Regardless of the industry, whether you are a first-time bond applicant or shopping for your renewal quote, we want you to be prepared and knowledgeable about the underwriting process, which is why we’ve written this guide to teach you everything you need to know about surety underwriting.
The 3 Surety Bond Parties
Before diving into surety underwriting, here’s a refresher on the 3 parties involved in the surety bond process:
- Obligee: the entity that requires the bond, often a government agency in charge of regulating or licensing an industry
- Principal: the individual or business required by the obligee to obtain a bond
- Surety: the insurance company that writes and financially backs the surety bond
For more information about surety bonds and why they are required, visit our informative What is a Surety Bond page.
What is surety underwriting?
Surety underwriting is a process performed by a qualified expert, known as an underwriter, to determine if a bond can be issued and how much an applicant will pay for their bond. Surety underwriters examine the bond application and the applicant’s financial history to determine the level of risk the surety company is taking in writing a bond.
How do surety and insurance underwriting compare?
Insurance underwriting is the process used to evaluate the risk of insuring people, businesses, or objects, such as a home or automobile, to determine if the insurance company should take the chance and provide coverage. You pay the insurance company a premium to cover you if a loss occurs. The premium you paid is calculated based on the idea that there will be losses sustained by the insurance company in settling a claim. For example, you pay your insurance company $100 a month for them to pay $10,000 if a tree falls on your house and damages the roof.
With surety underwriting, the underwriter is making the determination of whether to extend what can be viewed as a line of credit to a principal. The surety writes bonds with the assumption that the policy will not be used, and so the premium is based on the likelihood of a claim being made against the applicant’s bond, as well as the applicant’s ability to fully reimburse the surety. You pay the surety premium so that the company guarantees money up-front with the assurance they will be fully reimbursed if a loss occurs. So if you pay the surety company a $100 premium for your bond, you do not have to tie up $10,000 of your own capital to get a license or permit. However, you will still be on the hook for up to $10,000 of your own money if a valid claim is made against your bond.
Unlike insurance, where claims arise from accidents, claims against a surety bond are avoidable if the principal adheres to applicable rules and regulations.
Why do surety companies underwrite bonds?
The surety underwriting process is used when a bond is deemed risky by the surety company. Risk is the possibility of financial loss due to the potential negligent or damaging actions on the part of the principal. This classification of ‘risky’ often stems from the history of claims against the bond.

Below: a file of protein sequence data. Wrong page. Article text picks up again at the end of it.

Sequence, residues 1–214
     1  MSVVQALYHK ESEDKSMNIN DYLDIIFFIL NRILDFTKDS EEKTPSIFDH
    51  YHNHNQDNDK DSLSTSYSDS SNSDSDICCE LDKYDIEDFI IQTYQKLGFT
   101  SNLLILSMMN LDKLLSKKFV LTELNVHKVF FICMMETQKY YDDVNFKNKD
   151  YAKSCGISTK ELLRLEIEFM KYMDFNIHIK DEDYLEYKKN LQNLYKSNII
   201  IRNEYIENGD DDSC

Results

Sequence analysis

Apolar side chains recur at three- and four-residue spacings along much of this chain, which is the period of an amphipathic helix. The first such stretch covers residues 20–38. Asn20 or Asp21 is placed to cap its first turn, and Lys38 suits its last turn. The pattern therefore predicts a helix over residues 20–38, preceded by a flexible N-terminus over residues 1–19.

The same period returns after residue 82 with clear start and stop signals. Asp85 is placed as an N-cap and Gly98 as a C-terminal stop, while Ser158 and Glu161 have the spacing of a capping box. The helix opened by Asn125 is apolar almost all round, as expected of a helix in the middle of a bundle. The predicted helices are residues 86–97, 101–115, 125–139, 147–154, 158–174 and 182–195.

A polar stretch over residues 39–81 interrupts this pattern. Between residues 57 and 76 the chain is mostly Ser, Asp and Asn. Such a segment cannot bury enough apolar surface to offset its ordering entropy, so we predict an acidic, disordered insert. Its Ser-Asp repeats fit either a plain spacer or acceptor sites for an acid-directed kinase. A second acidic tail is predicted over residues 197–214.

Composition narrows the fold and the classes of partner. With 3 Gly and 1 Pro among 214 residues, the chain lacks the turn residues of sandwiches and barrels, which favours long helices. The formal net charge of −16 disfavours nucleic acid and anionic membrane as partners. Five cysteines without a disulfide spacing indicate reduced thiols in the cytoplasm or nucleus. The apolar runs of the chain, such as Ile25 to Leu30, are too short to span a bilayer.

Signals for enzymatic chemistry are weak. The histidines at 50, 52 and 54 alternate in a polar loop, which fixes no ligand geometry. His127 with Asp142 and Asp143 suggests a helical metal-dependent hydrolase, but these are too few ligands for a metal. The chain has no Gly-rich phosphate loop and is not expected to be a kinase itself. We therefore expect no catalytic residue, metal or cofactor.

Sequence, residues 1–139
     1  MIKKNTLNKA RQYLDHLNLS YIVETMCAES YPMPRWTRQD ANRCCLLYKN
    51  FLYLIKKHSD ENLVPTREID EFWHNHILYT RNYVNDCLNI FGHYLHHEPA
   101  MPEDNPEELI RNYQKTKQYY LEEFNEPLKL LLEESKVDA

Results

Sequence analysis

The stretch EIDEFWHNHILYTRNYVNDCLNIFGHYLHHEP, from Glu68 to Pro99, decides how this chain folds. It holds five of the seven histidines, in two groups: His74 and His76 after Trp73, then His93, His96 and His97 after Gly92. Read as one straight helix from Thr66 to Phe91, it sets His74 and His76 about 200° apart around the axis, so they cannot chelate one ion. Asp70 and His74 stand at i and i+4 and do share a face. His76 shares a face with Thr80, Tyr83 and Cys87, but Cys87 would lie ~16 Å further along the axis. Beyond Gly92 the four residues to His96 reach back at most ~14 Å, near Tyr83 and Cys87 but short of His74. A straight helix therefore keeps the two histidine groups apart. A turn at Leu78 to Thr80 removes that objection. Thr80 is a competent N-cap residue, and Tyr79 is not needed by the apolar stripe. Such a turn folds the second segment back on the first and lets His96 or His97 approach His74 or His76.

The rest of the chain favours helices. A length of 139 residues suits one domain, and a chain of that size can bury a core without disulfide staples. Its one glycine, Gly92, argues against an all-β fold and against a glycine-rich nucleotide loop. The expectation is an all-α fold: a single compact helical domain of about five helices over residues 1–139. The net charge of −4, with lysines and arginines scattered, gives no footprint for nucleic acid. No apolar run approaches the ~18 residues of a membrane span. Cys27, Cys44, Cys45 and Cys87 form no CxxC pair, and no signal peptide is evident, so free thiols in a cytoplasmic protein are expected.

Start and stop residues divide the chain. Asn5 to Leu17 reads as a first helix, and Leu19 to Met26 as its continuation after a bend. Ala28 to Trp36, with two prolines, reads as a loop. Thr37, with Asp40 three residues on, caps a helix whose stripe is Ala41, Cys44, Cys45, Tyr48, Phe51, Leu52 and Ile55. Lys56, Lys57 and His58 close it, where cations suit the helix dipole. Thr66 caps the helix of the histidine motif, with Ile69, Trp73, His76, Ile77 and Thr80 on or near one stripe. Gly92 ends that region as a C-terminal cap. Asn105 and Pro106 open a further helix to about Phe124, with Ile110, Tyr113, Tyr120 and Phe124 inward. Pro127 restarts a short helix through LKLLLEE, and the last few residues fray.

In construction, for example, surety companies look at the production and history of other contractors in the industry and try to predict the likelihood of a claim. A contractor license bond with a history of claims against it indicates contractors who needed this bond have historically failed to comply with the terms of the bond, resulting in numerous consumers filing claims. This causes the surety company to be particular when deciding who can obtain this bond, as they wish to minimize the possibility of claims. Individual rates may also be affected by a history of frequent claims within an industry.
For some bonds, the underwriting process isn’t required. Many professions such as notary publics, janitorial services, and insurance adjusters have premiums that are “pre-approved”. This means that all principals pay a set rate established by the surety company. These bonds are freely written by the surety without a credit check or review of financial history.
What do surety companies take into consideration when underwriting?
Aside from a bonds claim history outlined above, a surety underwriter will carefully review the applicant’s qualifications. The underwriter is looking to establish the applicant’s character, capacity, and capital during the underwriting process.
Honesty and integrity are the underwriter’s main focus when determining an applicant’s character. Possessing set moral principles and a determination to meet obligations proves to the underwriter that an applicant is of strong character. For example, an applicant knowingly providing false information on a bond application would bring their character into question.
Capacity refers to whether an applicant has the proper experience and can execute, with regards to financial limitations, on that knowledge. This is where an underwriter will look at an applicant’s expertise, education, industry stability, credit history, personnel, and any machinery or facilities owned. An applicant must be able to deliver on the guidelines of their bond and occupational work.